Thursday, July 19, 2007

Freedom for the Jena Six

The latter is information I've received from a number of good friends. I'm going to see
when I can get down there as well.

i dont know if yall saw this. but its rather shocking. take a good look.
im thinking about going to Louisiana in mid-August if i can...

---------------------------- Original Message ----------------------------
Subject: [fireitup] Serious Jim Crow Racism in Louisiana - We REALLY need
Date: Wed, July 18, 2007 12:22 pm

Six young black men are headed for 20+ year prison sentences in a clear
case of Jim Crow "justice."

Photo of Jena Six Parents

Their families are fighting but need our support. Will you stand with them?

Click Here
Dear Pam,

Last fall in Jena, Louisiana, the day after two Black high school students
sat beneath the "white tree" on their campus, nooses were hung from the
tree. When the superintendent dismissed the nooses as a "prank," more
Black students sat under the tree in protest. The District Attorney then
came to the school accompanied by the town's police and demanded that the
students end their protest, telling them, "I can be your best friend or
your worst enemy... I can take away your lives with a stroke of my pen."1

A series of white-on-black incidents of violence followed, and the DA did
nothing. But when a white student was beaten up in a schoolyard fight, the
DA responded by charging six black students with attempted murder and
conspiracy to commit murder.

It's a story that reads like one from the Jim Crow era, when judges,
lawyers and all-white juries used the justice system to keep blacks in
"their place"--but it's happening today. The families of these young men
are fighting back, but the odds are stacked against them. Together, we can
make sure their story is told, that this becomes an issue for the Governor
of Louisiana, and that justice is provided for the Jena 6. It starts now.
Please add your voice:

The noose-hanging incident and the DA's visit to the school set the stage
for everything that followed. Racial tension escalated over the next
couple of months, and on November 30, the main academic building of Jena
High School was burned down in an unsolved fire. Later the same weekend, a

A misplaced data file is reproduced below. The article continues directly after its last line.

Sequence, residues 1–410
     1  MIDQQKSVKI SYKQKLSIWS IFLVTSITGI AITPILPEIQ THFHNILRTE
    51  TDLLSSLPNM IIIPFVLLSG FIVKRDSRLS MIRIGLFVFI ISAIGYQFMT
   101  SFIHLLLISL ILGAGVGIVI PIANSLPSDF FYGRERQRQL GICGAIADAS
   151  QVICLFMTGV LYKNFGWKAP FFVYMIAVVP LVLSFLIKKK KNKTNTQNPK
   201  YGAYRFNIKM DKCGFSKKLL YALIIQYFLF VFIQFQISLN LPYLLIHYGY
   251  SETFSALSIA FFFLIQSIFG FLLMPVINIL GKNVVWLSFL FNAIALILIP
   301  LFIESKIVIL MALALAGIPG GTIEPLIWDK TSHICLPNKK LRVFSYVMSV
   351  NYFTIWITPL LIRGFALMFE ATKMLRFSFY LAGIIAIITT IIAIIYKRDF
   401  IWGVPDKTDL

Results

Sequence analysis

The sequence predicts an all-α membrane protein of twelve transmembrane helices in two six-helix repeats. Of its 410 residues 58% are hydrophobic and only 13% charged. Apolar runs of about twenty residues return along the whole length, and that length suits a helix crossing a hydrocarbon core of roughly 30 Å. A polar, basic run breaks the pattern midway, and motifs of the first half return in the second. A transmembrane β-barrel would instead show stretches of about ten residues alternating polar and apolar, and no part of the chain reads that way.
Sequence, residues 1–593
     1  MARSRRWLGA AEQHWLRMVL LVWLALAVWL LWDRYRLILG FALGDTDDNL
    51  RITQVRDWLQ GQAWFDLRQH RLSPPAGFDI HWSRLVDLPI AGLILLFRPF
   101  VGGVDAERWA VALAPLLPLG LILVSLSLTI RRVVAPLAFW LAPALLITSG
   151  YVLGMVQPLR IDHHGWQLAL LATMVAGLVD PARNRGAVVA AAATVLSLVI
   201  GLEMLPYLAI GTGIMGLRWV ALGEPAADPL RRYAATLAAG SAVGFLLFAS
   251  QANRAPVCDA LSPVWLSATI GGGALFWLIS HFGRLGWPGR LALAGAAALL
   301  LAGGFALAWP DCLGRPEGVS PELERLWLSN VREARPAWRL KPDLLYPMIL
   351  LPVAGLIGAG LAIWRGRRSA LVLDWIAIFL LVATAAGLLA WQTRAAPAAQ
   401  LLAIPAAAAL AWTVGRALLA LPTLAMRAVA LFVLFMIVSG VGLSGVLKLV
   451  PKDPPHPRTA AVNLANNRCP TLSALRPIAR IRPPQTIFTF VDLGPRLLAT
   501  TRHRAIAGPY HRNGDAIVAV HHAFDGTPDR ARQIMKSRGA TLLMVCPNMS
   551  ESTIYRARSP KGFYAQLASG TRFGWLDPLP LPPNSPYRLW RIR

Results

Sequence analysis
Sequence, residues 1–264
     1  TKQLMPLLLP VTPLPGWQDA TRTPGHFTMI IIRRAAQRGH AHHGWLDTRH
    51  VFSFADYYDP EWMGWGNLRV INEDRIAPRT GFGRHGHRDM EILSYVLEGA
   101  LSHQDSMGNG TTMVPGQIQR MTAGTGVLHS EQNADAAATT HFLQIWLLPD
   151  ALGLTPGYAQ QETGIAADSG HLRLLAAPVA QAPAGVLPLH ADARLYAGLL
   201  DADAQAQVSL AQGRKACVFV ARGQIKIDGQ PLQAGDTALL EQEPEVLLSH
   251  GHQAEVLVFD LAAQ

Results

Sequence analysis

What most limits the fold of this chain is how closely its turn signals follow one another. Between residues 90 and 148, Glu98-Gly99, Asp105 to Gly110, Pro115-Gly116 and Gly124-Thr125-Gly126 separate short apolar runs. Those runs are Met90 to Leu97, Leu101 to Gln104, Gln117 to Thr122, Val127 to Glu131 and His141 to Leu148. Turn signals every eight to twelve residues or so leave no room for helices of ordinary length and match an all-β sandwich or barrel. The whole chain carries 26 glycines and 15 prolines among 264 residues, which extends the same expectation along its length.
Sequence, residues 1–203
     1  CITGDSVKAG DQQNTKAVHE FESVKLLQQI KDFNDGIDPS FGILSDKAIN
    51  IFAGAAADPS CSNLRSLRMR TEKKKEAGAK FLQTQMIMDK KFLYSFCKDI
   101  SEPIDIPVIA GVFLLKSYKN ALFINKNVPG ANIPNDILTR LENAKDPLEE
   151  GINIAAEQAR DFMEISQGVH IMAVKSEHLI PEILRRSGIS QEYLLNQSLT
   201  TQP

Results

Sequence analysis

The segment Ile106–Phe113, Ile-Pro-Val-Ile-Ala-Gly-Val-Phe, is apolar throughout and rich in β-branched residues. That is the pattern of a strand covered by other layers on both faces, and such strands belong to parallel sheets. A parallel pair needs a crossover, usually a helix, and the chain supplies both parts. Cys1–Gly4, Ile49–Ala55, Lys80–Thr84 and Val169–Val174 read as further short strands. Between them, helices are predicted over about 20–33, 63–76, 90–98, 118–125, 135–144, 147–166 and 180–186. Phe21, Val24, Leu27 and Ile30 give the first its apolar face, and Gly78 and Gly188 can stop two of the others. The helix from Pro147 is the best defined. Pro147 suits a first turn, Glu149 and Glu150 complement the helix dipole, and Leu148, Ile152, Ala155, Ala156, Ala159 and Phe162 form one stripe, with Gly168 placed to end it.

black student was beaten up by white students at a party. The next day,
black students at a convenience store were threatened by a young white man
with a shotgun. They wrestled the gun from him and ran away. While no
charges were filed against the white man, the students were arrested for
the theft of the gun.2

That Monday at school, a white student, who had been a vocal supporter of
the students who hung the nooses, taunted the black student who was beaten
up at the off-campus party and allegedly called several black students
"nigger." After lunch, he was knocked down, punched and kicked by black
students. He was taken to the hospital but was released and was well
enough to go to a social event that evening.3

Six Black Jena High students, Robert Bailey (17), Theo Shaw (17), Carwin
Jones (18), Bryant Purvis (17), Mychal Bell (16) and an unidentified
minor, were expelled from school, arrested and charged with second-degree
attempted murder. Bail was set so high -- between $70,000 and $138,000 --
that the boys were left in prison for months as families went deep into
debt to release them.4

The first trial ended last month, and Mychal Bell, who has been in prison
since December, was convicted of aggravated battery and conspiracy to
commit aggravated battery (both felonies) by an all-white jury in a trial
where his public defender called no witnesses. During his trial, Mychal's
parents were ordered not to speak to the media and the court prohibited
protests from taking place near the courtroom or where the judge could see

Mychal is scheduled to be sentenced on July 31st, and could go to jail for
22 years.5 Theo Shaw's trial is next. He will finally make bail this week.

The Jena Six are lucky to have parents and loved ones who are fighting
tooth and nail to free them. They have been threatened but they are
standing strong. We know that if the families have to go it alone, their
sons will be a long time coming home. They will lose precious years to
Jena's outrageous attempt to maintain a racist status quo. But if we act
now, we can make a difference.

Please add your voice to the voices of these families in Jena, and help
bring Mychal, Theo, Robert, Carwin, and Bryant home. By clicking below,
you can demand that Louisiana Governor Kathleen Blanco get involved to
make sure that justice is served for Mychal Bell, and that DA Reed Walters
drop the charges against the 5 boys who have not yet gone to trial.

Thank You and Peace,

-- James, Van, Gabriel, Clarissa, and the rest of the team
July 17th, 2007

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